The Ray-Way Backpack Kit

Make Your Own Backpack!

Ray-Way Products

Ray & Jenny Jardine

Weight and Description page 2 of 19
Jenny at 20,000 feet in Argentina with her Ray-Way Backpack.

Pg 2: Specs


Specs of the 2,200 in3

Weight

  • Weight: 9.5 ounces

Dimensions

  • Height: 23" without extension

Volume

  • Pack body: 2,200 in3
  • Pockets: 400 in3
  • Total volume without extension: 2,600 in3
  • Total volume with extension: 3,800 in3

Description

The pack is intended to carry Ray-Way gear, and not the usual profusion of expensive, heavy and bulky paraphernalia found in commercial backpacking stores and catalogs. Therefore, pack size is moderate. The person on a long trip, fresh from resupply with a load of food, uses the pack's extension collar because this increased need in bulk is only temporary.

The Ray-Way pack has three external mesh pockets. One is located on the right side of the pack, which is designed for a water bottle - kept there for accessibility. This pocket is made of mesh to allow the bottle's condensation to evaporate. On the other side is a pocket intended for the fuel bottle, also of mesh to permit the fumes to evaporate. And on the rear is a large pocket that can be used for stowing the tarp or tent fly when wet with the morning's dew, or any kind of day-to-day knickknacks. Each of these pockets is fitted with elastic in the top hem, to help secure the contents.

When the backpack is lightly loaded, one can loosen the shoulder straps, tilting the pack backwards somewhat, and giving more ventilation to one's back area. The heavier the pack is loaded towards its top, the tighter should be its shoulder straps, keeping the backpack more vertical.

Why not use a frame and hip belt?

The vast majority of highly-touted features on most packs actually work against a person. For one thing, they tend to waste time spent fiddling with them. For another, they add weight, and of course expense. Contrary to hype, most of those features are designed for marketing rather than hiking.

With a light to moderate load, we find the hip-belt unnecessary. And of course we do not normally recommend hiking with a heavy load.

As you hike along the trail while carrying a load of any kind, your shoulders, spine, and hips twist, or rotate, in opposition to each-other. A hip-belt resists this opposition and so interferes with the natural bio-mechanics of walking. Without a hip-belt, you hike more natural and free. And this translates to a more efficient style of hiking with less effort and less fatigue.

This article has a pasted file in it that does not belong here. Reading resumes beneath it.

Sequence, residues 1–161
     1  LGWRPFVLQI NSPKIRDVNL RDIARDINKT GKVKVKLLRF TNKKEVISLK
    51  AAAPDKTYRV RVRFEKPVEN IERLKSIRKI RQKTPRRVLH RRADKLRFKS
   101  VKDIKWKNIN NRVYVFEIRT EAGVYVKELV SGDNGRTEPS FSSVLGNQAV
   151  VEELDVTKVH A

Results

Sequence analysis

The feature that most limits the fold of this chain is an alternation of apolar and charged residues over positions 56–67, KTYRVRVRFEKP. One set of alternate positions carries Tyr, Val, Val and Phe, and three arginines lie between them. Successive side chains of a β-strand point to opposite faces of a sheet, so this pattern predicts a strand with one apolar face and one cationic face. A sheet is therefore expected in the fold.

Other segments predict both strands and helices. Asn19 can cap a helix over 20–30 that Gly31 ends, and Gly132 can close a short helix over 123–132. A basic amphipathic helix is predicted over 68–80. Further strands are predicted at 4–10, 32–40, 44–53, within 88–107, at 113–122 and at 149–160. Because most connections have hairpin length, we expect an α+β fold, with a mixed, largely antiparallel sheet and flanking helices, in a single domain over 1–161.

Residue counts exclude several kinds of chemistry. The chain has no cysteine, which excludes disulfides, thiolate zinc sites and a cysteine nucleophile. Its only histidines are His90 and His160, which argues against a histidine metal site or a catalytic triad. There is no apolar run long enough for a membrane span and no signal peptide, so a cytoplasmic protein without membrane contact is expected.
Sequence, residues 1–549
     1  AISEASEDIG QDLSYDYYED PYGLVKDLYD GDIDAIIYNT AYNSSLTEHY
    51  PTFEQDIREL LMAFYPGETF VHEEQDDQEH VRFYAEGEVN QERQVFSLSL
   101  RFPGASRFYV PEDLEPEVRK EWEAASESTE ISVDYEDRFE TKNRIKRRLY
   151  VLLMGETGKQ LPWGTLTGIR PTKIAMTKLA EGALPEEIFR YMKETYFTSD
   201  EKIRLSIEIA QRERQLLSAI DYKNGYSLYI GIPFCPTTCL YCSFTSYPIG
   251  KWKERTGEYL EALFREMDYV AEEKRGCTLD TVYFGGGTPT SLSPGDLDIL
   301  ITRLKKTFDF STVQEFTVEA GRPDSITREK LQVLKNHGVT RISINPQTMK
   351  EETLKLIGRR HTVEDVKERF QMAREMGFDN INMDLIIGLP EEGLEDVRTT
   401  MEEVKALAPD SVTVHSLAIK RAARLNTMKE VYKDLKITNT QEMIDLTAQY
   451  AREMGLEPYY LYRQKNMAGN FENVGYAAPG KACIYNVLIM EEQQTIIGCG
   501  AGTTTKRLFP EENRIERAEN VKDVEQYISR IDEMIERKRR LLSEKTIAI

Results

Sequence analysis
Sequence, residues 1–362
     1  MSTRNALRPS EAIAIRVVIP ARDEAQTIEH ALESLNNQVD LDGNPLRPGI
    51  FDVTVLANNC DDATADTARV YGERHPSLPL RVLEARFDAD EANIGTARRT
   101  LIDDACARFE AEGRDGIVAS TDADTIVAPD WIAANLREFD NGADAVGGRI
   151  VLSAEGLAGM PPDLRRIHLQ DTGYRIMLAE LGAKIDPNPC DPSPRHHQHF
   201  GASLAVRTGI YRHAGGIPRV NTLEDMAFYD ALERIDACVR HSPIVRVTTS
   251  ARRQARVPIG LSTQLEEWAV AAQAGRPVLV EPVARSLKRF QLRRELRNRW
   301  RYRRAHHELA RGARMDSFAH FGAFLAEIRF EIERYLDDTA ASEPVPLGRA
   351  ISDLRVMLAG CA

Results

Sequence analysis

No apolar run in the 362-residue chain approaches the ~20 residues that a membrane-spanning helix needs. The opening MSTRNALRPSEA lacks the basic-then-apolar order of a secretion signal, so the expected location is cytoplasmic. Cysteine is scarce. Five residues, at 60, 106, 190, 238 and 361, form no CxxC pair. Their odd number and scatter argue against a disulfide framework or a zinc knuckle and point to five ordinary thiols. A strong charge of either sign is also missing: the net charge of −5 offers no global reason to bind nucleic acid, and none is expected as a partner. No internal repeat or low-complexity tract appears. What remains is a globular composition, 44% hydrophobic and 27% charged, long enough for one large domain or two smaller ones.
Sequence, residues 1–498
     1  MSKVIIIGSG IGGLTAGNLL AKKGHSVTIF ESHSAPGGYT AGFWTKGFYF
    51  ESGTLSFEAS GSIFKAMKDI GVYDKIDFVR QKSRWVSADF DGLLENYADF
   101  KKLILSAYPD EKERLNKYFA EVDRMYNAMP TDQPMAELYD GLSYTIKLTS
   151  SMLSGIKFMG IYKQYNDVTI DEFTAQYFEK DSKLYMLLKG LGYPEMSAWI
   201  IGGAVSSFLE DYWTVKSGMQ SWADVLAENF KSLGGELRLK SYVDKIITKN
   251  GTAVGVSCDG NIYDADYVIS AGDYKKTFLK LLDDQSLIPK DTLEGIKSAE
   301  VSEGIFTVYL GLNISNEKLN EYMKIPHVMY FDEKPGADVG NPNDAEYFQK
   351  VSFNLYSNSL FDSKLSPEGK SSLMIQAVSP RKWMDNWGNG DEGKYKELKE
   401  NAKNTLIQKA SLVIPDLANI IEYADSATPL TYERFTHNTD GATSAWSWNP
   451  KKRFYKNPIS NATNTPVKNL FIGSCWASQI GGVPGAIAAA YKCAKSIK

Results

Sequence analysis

Pack Straps

Our pack straps are adjustable in length with a small buckle on each side. Typically with most packs, these buckles are attached to the end of the shoulder straps, such that you pull down to shorten. With the Ray-Way pack, the buckles are located near the bottom of the pack, such that you pull up to shorten. While this arrangement is unfamiliar to many hikers, it is much more effective. Namely, it moves the buckle and the webbing tail from out of your armpit area, to down on the pack where it belongs. This streamlines the pack, makes it more comfortable to carry, and prevents chafe to the inside of the upper arms.

Pack Closure

The closure is an optional feature that goes on the upper part of the Ray-Way Backpack, where the pack body joins the lower part of the extension collar. It weighs just a quarter of an ounce.

The main purpose of the Pack Closure is to close the pack when lightly loaded, for example when pulling into a resupply, or when using the backpack as a day-pack. However it works when the pack is carrying a medium load also, as it helps stabilize the load from moving side to side.

The Pack Closure is included in all Ray-Way Backpack Kits, along with the materials needed and the sewing instructions.

Two Stowbags

We recommend using a second Ray-Way stowbag for your spare clothing and other items inside your backpack. First load the heavy food items into the bottem of the pack, followed by the quilt in its stowbag, then the clothing stowbag.

Waterproof?

We are not fond of waterproof backpacks. With use, they don't stay waterproof for long, and then you have wetness inside that you can't get rid of. So in rainy weather, your clothing and gear languish inside a damp interior.

We are not fond of rain covers either. They leak around the shoulder straps and the backside, and then they tend to pool the rain water in the bottom, the part underneath the backpack. So they turn the pack into a hiking waterbag.

So how do we keep our gear dry inside the Ray-Way backpacks when hiking in heavy, prolonged rain?" And we done a great deal of that!

Pretty simple. we each use two trash bags. The first one is medium size to fit inside the quilt stowbag. The second one is larger, sized to fit the interior of the backpack. This system is cheap and lightweight, and keeps the gear bone dry. And the quilt is doubly protected inside two trash bags. We don't care if the outside of the backpacks get wet, because they are fast drying. And because they are fast drying, we can throw them into a washing machine, when passing through a trail town, when the packs have gotten a bit smelly from sweat. Larger store-bought backpacks get smelly also, but they can't be washed.

In fine weather we don't use the backpack sized trash bags, but keep them handy, just in case.

Ray demonstrates his two trash bags method on his AT Gear Video.




Jenny in Argentina.

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